Anschutz v. Central National Bank of Columbus

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112 N.W.2d 545 (1961)

173 Neb. 60

Fred B. ANSCHUTZ, also known as F. B. Anschultz, Appellant, v. CENTRAL NATIONAL BANK OF COLUMBUS at Columbus, Nebraska; United States of America, a banking corporation, Appellee.

No. 35057.

Supreme Court of Nebraska.

December 22, 1961.

*546 Richards, Yost & Schafersman, Fremont, for appellant.

Walter, Albert, Leininger & Grant, Columbus, for appellee.


BROWER, Justice.

This is an action brought by Fred B. Anschutz, appellant and plaintiff in the trial court, against the Central National Bank of Columbus, appellee and defendant, to recover the aggregate sum of $9,000 on two checks, each for $4,500, drawn on the defendant bank by M. H. Van Berg, owner-manager of Columbus Sales Pavilion, in favor of the plaintiff as payee under the name of F. B. Anschultz. It is alleged the plaintiff's signature as payee and endorser on the back of the check is a forgery.

The trial court sustained a general demurrer to the petition. The plaintiff elected to stand on the petition and plead no further. Thereupon, the trial court dismissed the petition and the plaintiff has perfected an appeal from the ruling of the court on the demurrer and dismissal.

Appellant assigns as error the court's action in striking certain words from the petition; in sustaining the demurrer and dismissing the action; and in holding by its ruling that the true owner of the check paid by the defendant bank to a third party on the forged endorsement of the payee was not entitled to collect from the bank even in the absence of the owner's negligence.

The petition sets out two causes of action, one on each check. Except for the dates of the checks they are the same. The substance of the first cause of action will be set out and it will be discussed. The second cause of action on which the check was dated September 9, 1959, with corresponding dates, will not again be referred to.

The substance of each paragraph of the first cause of action with the numbered portion as set out therein here follows with the *547 exception of the fourth and sixth paragraphs which are quoted in full because of the ruling of the court in striking certain portions thereof.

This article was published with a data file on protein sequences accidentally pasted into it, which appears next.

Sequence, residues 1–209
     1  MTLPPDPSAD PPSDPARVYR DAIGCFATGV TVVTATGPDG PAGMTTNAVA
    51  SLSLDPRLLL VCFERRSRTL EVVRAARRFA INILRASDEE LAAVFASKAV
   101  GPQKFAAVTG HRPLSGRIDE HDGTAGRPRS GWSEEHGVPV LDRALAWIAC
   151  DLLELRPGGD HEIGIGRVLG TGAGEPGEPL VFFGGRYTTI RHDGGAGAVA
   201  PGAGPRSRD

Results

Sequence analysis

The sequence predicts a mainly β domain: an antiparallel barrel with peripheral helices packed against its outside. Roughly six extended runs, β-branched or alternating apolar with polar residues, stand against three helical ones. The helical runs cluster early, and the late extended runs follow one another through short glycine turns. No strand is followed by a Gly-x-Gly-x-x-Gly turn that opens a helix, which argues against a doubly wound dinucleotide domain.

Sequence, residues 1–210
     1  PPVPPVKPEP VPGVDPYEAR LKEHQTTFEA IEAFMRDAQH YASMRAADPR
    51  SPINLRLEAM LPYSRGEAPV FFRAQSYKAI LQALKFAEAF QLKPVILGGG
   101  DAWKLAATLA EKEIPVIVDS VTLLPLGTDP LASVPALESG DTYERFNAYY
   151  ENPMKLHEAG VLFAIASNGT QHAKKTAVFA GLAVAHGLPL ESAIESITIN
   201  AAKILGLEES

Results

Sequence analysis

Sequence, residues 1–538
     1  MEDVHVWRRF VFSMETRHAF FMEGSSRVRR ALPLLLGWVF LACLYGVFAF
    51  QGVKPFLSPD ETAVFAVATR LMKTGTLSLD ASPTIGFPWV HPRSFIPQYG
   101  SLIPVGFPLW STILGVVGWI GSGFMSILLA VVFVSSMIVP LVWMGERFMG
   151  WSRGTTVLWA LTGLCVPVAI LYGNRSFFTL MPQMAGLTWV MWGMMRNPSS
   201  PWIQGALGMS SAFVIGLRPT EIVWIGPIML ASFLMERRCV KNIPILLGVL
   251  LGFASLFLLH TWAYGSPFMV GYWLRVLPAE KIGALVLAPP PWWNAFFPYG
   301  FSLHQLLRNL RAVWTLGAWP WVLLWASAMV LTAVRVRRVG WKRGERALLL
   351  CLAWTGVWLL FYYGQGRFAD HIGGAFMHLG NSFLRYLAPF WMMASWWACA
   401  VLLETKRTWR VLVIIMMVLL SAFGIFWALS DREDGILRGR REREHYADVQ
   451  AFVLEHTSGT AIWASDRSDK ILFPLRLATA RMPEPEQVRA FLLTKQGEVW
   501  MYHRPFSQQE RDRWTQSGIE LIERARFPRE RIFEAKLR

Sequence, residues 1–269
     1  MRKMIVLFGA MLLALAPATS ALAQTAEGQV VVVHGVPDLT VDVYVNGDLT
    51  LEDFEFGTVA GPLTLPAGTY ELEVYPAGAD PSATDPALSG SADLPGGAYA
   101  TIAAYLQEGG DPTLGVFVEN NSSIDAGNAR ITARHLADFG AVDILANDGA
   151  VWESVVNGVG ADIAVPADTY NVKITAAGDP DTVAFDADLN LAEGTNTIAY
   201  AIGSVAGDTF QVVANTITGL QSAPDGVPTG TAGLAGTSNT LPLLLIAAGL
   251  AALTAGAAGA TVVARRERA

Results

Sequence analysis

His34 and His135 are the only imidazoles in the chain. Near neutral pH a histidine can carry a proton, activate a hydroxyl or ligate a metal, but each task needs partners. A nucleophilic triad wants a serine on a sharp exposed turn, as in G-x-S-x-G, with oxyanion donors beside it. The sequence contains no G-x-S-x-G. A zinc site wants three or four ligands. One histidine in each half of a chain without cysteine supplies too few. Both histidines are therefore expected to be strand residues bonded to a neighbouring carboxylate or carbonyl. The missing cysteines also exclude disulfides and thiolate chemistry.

The first and second paragraphs allege the defendant's corporate existence and its business and that the drawer of the check was a depositor in defendant bank on September 5, 1959. The third paragraph states that on or about that day the drawer made a check payable to the order of the plaintiff for $4,500, and refers to the copy of the check and endorsements attached as an exhibit. The fourth paragraph reads in full as follows: "That thereafter on or about September 5, 1959, one P. COLUCCI, obtained possession of said check from said depositor for the pretended sole purpose of forwarding said check to the plaintiff herein." The fifth paragraph states that the check had not been endorsed at the time P. Colucci obtained possession of it. The sixth paragraph reads in full as follows: "That thereafter subsequent to September 5, 1959, said P. COLUCCI wrongfully cashed said check and thereafter said check was presented to defendant by one of the subsequent endorsers thereon for payment and defendant paid said check and charged the amount thereof to the account of said depositor, the drawer thereof; and that plaintiff did not then or at any time thereafter receive the proceeds of said check or any part thereof." The seventh and eighth paragraphs allege plaintiff's signature on the back of the check was not his signature, but a forgery, and that by reason of the facts set out the drawee bank received $4,500 from the drawer that belonged to the plaintiff which it has failed to deliver and is indebted to him in that amount. The prayer is for $9,000 on both causes of action.